There's a reason why Sydney earned the nickname "Sin City".
Its history is punctuated with bloodstained and ruthless gangland feuds, led by violent and scheming figures.
Some experts believe a difference between the underworld of yesteryear and modern gangsters is that they've become much less subtle.
Instead of making enemies disappear, crooks are now content with gunning down rivals in front of their family and random bystanders.
Brazen executions have been the calling card of the feuds rocking Sydney over the past two years — claiming more than a dozen lives.
According to Michael Kennedy, it's a sign today's gangsters are "out of control" but the motivation for murder hasn't changed much.
Dr Kennedy, a former detective and now lecturer at Western Sydney University, doesn't buy into the theory that this current gang war is Sydney's "worst".
"Organised crime is about money," he said.
"It's about an unregulated market.
"There's always going to be violence associated with it … and murder has always been part of it."
He says organised crime figures of the past were just more "discreet" in how they settled scores.
Crime lords such as Lenny McPherson, George Freeman and Fred Anderson were also well-connected businessmen in their heydays.
Even so, police suspected, they were behind serious acts of violence and wielded unparalleled power in the 1970s and 1980s.
Dr Kennedy believes the influence of bikie gangs such as the Comanchero has since grown in the city's underworld, bringing with them a "much more violent" style.
He pinpoints the Woods Royal Commission of the mid-1990s as a turning point.
It dismantled the old guard running rackets through Kings Cross, including corrupt police officers helped regulate the underworld.
"Everyone knew who was who in the zoo," Dr Kennedy said.
"These people didn't want obvious violence because it cost them money. It's bad for business.
He says Sydney crime might have been at its worst during the era of the infamous Razor gangs in the 1920s, a time when unemployment and poverty hit society hard.
Back then the streets were filled with men who'd returned from World War I, and "didn't take a backward step", Dr Kennedy said.
Although he doesn't downplay the gravity of recent violence, the former organised crime detective says a hungry 24-hour media has amplified the current gang war like never before.
Since August 2020, there have been at least 14 underworld shootings linked to various conflicts committed on Sydney streets.
Most recently, former Lone Wolf bikie Yusuf Nazlioglu was shot up to 10 times in the car park under his Rhodes apartment.
He died in hospital early on Tuesday morning.
As the fatalities pile up, police say several other murders have been scuppered by intelligence and a few were attempted but unsuccessful.
Former fraud and homicide squad detective Tony Calladine cut his teeth on the streets of Sydney's inner city in the early 1970s.
Back then, he says, it was a "totally different era" where there was a level of mutual respect between police and the crooks.
He recalls McPherson and Freeman associate Stan Smith, a bigtime underworld player, coming up to introduce himself on the street.
Criminal groups also had more respect for each other, Mr Calladine said, but if someone encroached on turf there would be consequences.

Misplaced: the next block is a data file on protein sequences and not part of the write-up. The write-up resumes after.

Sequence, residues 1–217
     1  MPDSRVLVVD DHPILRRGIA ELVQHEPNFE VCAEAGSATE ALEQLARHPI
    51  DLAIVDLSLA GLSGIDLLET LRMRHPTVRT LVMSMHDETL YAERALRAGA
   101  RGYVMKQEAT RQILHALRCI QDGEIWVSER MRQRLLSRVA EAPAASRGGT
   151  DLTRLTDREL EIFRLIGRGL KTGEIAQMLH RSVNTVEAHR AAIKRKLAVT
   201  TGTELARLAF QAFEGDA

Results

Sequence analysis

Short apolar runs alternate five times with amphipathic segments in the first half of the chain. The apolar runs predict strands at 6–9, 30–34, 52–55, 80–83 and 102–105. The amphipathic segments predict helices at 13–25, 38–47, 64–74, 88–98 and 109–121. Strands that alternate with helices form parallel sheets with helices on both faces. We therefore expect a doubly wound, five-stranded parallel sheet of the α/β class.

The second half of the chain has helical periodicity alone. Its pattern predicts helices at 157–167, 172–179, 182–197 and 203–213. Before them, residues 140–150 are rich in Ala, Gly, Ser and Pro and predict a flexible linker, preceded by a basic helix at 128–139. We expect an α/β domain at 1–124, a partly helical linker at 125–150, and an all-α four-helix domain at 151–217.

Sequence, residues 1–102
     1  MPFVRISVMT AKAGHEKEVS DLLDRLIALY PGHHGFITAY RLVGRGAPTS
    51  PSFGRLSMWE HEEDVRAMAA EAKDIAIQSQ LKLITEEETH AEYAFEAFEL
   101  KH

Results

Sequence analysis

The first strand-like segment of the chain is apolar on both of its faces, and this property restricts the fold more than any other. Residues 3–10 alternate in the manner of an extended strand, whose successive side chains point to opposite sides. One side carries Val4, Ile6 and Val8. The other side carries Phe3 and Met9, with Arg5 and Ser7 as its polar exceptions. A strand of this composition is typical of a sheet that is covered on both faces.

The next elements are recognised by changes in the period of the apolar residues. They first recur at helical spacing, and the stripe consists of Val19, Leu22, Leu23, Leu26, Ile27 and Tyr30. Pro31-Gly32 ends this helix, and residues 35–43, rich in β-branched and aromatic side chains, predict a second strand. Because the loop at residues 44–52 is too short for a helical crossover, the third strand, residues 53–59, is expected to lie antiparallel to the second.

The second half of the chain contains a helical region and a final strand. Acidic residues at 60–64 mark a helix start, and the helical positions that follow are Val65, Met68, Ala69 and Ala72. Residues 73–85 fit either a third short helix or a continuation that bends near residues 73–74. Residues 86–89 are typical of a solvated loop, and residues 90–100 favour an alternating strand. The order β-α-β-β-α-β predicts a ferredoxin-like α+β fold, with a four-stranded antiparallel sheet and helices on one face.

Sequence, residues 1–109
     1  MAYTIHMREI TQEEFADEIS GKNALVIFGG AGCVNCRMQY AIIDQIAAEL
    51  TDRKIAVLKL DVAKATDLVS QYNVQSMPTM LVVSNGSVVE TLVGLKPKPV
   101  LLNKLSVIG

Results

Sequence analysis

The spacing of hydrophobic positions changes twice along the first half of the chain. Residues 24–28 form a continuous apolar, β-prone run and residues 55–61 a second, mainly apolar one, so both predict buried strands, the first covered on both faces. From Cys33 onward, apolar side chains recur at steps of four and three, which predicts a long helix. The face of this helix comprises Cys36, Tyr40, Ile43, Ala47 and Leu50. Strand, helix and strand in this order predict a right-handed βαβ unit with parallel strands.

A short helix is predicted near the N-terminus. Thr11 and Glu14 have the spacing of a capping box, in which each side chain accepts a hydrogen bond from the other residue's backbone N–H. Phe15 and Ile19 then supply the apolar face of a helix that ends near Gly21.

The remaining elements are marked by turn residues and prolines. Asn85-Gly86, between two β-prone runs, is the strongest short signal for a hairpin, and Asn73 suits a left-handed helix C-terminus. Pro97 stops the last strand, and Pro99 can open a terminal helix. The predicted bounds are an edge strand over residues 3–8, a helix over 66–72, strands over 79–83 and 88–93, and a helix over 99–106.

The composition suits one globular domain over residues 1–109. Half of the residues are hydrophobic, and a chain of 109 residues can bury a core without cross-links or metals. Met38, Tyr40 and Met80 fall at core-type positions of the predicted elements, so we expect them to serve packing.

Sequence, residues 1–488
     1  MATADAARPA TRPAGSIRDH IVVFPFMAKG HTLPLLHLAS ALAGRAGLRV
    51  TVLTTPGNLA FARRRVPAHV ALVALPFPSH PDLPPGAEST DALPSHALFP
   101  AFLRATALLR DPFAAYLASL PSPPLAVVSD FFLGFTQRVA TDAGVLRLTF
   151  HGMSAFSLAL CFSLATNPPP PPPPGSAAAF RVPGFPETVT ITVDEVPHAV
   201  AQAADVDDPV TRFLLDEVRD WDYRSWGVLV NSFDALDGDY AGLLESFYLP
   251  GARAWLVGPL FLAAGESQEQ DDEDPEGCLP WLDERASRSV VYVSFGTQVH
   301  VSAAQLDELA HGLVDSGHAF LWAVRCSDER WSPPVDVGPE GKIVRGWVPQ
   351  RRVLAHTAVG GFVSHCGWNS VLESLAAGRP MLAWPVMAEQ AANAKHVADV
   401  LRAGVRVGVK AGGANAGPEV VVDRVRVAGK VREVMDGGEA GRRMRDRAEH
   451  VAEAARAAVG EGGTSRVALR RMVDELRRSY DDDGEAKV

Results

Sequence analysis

"Back in those days it was done in a 'sanitised' way."
Mr Calladine thinks the rise of the drug trade was a "catalyst" for how organised crime evolved, before then it was more about armed robberies and safe breaking.
But he also believes there's been a drop in respect for authority – whether it be police, teachers or nurses – as a reason why public violence might be the norm now.
At the centre of Sydney's recent killing spree is allegedly a power struggle between two notorious crime families — the Hamzy and Alameddine clans.
The ABC understands this week's killing of Nazlioglu is unrelated to that feud.
Victims have included senior figures of the Hamzy family including patriarch Mejid Hamzy, his brother Ghassan Amoun and cousin Bilal Hamze.
But as time passed, members other networks have been killed or seriously wounded, and detectives now say a more complex web is in play.
"The recent gang related violence plaguing Sydney stems directly from the battle for control of these drug markets and their profits," Police Commissioner Karen Webb said in May.
After the failed assassination of Comanchero supremo Tarek Zahed earlier in May, Commissioner Webb said his shooting could have been planned by rivals or internally.
Dr Kennedy believes the alleged kingpins of the Hamzy and Alameddine families might make good news fodder, but are far from the top of the organised crime tree.
The people who are really running things, he says, are overseas or secretly embedded in "the big end of town" and will never face the same fate as those dying in the gutters.
"We don't have an Al Capone in Australia. There never was," he said.
"If we do have one, he's got a law degree or he works at a merchant bank."
Last month, NSW Premier Dominic Perrottet announced a series of sweeping new police powers targeting criminal groups.
Mr Perrottet said the "world-leading" reforms would focus on confiscating unexplained wealth, cracking money laundering rings and removing encrypted darkweb devices.
The Premier went as far to say the reforms would "ensure that organised crime in this state comes to an end".
Dr Kennedy, however, says organised crime can't be stopped that easily.
He agrees targeting financial assets is a crippling blow for criminal organisations, but thinks a tough-on-crime approach will do little to stop the cycle long-term.
Addressing the social issues which drive people towards crime — such as economic disadvantage — would be more effective, he said.